what is Carbon Monoxide?
Seen Heard Smelled Tasted
Did You know?
The Silent Killer
What are the Six Main Symptoms Of Carbon Monoxide Poisoning?
Do not confuse the symptoms with the Flu Virus
Many Carbon Monoxide poisoning symptoms mirror those of the Coronavirus. So, if you get a negative lateral flow test, consider checking your CO alarms are in good working order. It’s better to be safe than sorry
Acute Symptoms Include All of the Chronic Symptoms and:
Other Signs to look out for:
What are the causes of carbon monoxide poisoning?
you are also at risk from:
The risks are higher when you are using portable stoves or barbecues in caravans, tents, boats or motorhomes.
Who is at risk from carbon monoxide poisoning?
The very old and the very young
Students are particularly at risk from carbon monoxide poisoning. For many, it is the first time they have lived away from home and been responsible for their own housing, so it’s important that they understand the risks.
If you’re a student in rented accommodation, ask your landlord for an up-to-date gas safety certificate and demand that they make sure all fuel-burning appliances are safety checked at least once a year by a registered engineer.
Carbon Monoxide and pets
Animals are also affected by carbon monoxide and can help you identify potential dangers
Cats will refuse to come into the house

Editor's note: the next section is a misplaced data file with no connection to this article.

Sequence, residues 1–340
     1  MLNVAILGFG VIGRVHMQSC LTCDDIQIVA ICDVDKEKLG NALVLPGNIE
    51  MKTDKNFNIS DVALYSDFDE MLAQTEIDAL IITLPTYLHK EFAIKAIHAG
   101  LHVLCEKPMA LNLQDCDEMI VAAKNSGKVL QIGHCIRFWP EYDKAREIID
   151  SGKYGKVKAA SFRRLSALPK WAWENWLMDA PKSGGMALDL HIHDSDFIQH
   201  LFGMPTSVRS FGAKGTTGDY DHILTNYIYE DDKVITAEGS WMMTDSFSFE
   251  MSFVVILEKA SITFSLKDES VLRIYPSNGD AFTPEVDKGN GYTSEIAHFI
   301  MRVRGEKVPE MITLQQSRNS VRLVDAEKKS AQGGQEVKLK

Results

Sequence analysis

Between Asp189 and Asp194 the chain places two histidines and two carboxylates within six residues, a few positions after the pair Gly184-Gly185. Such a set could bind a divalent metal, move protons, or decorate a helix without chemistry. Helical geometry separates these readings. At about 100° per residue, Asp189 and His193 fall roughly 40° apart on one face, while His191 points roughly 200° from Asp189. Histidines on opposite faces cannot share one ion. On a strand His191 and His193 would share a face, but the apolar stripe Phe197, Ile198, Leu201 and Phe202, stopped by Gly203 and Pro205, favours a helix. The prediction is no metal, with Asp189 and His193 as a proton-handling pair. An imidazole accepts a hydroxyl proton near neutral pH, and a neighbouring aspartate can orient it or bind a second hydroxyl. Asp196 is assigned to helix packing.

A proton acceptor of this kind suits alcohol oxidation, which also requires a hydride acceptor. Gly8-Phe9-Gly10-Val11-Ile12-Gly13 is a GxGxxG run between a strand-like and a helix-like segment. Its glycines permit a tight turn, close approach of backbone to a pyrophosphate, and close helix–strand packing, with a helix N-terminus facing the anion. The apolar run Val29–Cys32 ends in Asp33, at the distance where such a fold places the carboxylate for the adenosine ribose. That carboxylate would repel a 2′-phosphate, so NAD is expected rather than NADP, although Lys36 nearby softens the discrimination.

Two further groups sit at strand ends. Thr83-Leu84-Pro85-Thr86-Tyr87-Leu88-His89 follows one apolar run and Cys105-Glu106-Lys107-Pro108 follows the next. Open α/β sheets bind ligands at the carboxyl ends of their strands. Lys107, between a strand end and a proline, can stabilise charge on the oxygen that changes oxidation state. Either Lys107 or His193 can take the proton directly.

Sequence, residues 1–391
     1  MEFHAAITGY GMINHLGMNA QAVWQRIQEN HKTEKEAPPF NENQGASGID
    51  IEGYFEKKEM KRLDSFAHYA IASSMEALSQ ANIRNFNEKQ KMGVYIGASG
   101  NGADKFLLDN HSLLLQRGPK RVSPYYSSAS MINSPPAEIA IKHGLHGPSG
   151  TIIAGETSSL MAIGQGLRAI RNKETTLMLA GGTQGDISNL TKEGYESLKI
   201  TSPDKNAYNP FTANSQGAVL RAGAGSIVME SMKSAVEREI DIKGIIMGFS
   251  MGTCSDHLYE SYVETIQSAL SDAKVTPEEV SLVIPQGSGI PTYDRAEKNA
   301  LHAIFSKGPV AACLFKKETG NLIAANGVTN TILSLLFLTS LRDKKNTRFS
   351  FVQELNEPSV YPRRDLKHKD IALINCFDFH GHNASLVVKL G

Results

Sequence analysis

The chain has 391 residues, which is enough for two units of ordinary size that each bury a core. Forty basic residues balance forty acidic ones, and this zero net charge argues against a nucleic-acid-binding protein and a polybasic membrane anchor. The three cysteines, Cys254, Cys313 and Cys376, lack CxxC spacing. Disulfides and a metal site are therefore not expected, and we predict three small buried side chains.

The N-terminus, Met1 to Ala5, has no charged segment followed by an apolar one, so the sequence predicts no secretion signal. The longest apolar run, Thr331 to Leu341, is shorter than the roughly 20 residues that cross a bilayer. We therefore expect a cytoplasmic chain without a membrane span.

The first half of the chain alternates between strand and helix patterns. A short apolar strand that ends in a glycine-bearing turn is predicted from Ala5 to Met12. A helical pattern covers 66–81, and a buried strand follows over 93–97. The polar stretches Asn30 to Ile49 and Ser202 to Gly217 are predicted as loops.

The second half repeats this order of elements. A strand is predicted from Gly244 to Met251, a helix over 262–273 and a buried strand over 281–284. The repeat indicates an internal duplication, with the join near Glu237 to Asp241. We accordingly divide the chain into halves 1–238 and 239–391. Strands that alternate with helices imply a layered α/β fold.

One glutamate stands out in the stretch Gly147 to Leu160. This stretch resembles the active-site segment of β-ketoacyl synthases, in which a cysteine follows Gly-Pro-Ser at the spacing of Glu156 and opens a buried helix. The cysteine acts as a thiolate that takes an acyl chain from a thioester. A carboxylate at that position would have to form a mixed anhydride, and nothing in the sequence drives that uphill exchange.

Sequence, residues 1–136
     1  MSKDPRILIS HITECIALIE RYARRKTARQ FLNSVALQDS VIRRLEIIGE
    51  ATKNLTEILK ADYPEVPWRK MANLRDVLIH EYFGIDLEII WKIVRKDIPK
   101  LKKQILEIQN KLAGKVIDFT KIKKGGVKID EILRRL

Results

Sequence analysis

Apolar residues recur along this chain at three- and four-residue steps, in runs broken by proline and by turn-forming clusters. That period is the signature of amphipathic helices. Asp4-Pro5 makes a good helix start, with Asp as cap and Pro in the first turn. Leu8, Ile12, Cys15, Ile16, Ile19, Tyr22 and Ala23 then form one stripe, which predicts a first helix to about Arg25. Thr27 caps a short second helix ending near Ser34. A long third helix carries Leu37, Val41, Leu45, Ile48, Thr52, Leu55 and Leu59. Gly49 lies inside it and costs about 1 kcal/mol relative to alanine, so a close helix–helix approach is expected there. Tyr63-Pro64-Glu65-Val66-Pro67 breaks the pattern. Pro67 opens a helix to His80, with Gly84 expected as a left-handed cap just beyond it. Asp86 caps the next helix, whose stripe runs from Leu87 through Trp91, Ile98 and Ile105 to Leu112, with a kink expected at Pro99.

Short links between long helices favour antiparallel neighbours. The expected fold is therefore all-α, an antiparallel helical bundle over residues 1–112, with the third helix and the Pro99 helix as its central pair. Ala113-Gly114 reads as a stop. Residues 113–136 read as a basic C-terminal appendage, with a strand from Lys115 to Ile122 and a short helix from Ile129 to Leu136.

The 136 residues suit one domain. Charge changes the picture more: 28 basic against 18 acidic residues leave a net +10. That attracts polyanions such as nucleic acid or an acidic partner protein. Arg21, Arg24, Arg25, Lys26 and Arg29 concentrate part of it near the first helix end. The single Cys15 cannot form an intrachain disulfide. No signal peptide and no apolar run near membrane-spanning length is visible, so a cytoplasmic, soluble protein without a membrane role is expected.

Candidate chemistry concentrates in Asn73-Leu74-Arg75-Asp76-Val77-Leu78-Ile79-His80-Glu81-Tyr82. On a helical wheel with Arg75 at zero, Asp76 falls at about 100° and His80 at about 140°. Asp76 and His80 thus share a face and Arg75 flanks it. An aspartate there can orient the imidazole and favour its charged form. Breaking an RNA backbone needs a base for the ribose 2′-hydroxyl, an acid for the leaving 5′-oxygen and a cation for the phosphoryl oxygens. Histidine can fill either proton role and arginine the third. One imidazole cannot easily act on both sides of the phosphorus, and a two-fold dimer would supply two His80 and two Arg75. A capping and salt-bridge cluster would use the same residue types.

Dogs may have a sore mouth or throat and appear irritable
Did You Know?
Just sitting in your car with the windows closed and the engine running could expose you to CO Poisoning, so don’t do it!
Your body doesn’t know the difference between Oxygen and Carbon Monoxide, so when you breathe in your lungs don’t know that there is anything wrong.
The phrase “canary in a coal mine” came about because miners used to take birds into the mines to act as a warning signal for poisonous gases like carbon monoxide.
Carbon Monoxide and the great outdoors
Carbon monoxide is present whenever fuel is burnt without enough oxygen and cooking in unventilated areas such as tents can be fatal. to avoid accidents, follow these rules
Never cook inside a tent or an enclosed camping space
All fuel burning items need to have adequate ventilation to prevent the build-up of carbon monoxide (if you are suffering from the cold whilst out camping, put on another layer or buy a warmer sleeping bag)
Never use gas stoves or burners to heat your tent
How can I spot the dangers and keep my family safe?
Yellow or brown staining or soot around appliances
What precautions can I take?
Regularly check smoke and CO alarms batteries and replace them regularly
What should I do in an emergency?
Switch off the appliance
Open all windows and doors
Seek urgent medical advice
Get to your GP or local A&E and ask for a blood or breath test